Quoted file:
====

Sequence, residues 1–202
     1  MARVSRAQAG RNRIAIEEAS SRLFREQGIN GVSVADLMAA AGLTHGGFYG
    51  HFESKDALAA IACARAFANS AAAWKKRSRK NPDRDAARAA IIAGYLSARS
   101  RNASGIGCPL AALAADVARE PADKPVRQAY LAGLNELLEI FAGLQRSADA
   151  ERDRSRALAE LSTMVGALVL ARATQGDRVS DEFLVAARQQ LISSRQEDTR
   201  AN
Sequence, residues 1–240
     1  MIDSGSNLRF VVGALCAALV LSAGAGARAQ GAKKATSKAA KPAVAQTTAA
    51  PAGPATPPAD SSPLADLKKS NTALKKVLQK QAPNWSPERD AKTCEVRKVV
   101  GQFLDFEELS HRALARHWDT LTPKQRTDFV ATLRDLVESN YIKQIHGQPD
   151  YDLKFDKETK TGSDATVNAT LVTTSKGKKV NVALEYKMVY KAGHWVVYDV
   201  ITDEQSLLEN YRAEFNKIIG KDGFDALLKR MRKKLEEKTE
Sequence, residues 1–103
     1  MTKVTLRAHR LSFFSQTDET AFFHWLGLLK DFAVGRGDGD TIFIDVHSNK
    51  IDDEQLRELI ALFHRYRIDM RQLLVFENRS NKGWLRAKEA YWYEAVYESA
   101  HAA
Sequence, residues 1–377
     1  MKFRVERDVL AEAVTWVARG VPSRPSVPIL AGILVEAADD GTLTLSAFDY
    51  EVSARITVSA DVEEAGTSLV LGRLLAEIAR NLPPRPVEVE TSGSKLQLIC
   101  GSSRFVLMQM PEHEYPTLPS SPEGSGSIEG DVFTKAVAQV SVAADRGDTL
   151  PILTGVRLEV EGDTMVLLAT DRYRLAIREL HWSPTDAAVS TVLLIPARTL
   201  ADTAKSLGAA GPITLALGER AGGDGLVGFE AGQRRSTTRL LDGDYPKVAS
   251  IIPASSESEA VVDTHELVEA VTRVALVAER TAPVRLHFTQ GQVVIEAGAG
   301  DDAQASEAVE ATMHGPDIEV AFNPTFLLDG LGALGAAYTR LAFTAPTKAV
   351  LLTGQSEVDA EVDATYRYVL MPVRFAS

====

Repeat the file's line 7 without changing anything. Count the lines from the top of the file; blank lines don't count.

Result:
Sequence, residues 1–240